it’s fawn time

One of the most frequent questions our animal control officers at South Hills Cooperative Animal Control get this time of year is about fawns. Residents see them left alone in the backyard and panic, thinking they are sick or abandoned, and, intending to do the right thing, they do exactly the wrong thing.

Doe will often give birth in strange places, such as side yards and backyards. Those fawns are born without any scent,  so they cannot be detected by such predators as a fox or a coyote. But the doe does have a scent. So to keep itself safe, the fawn lies quietly in a yard during the day, and the mother usually will only return to feed the fawn under the cover of night.

Fawns are often very weak;  they might lie in one spot, sometimes for days, while they are building the strength to be able to keep up with mom. This is normal.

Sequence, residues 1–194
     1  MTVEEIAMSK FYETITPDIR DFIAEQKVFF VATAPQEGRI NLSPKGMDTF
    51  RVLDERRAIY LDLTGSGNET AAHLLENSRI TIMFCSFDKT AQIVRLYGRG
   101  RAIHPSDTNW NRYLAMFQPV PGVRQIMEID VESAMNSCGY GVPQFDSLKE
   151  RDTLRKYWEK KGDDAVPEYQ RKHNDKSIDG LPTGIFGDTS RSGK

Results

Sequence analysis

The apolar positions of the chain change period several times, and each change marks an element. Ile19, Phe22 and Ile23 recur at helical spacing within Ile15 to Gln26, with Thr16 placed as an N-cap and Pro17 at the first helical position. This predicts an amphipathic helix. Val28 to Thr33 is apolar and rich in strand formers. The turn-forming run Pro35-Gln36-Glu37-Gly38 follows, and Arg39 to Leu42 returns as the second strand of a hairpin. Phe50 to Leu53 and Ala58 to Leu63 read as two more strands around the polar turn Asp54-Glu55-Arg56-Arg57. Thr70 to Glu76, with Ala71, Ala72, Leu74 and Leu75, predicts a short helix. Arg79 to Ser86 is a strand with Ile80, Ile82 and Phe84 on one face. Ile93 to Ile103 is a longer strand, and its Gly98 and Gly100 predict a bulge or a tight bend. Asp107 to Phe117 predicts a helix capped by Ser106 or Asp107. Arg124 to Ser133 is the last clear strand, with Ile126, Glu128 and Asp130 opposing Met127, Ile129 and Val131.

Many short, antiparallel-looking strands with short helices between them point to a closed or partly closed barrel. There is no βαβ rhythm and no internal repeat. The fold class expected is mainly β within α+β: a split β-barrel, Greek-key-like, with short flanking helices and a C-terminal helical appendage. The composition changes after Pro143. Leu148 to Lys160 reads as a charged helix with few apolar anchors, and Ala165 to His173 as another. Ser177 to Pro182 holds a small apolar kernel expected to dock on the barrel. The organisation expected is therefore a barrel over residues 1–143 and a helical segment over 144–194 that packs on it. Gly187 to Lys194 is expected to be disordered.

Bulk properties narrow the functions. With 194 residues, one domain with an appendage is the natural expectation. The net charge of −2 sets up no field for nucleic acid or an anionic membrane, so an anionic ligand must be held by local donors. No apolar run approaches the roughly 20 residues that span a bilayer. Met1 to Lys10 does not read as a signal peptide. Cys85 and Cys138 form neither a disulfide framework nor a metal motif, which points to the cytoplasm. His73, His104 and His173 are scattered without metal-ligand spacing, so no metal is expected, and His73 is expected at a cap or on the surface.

Animal Control suggests that you keep your distance from these fawns.

This time of year, it’s  a good idea to walk around your yard to check it out before mowing. Give it a quick look at night and early morning before you unleash Fido to do his businesses. A fawn born at night will still be there in the morning, and the doe will not be happy to see the dog–and may attack him.

Also know that Animal Control can move a fawn to a safer area, if its bed leaves it in danger, but they will not take it away unless it is covered in flies, which indicates a true problem. Do not move the fawn or take it to a vet. To reach animal control, call 911.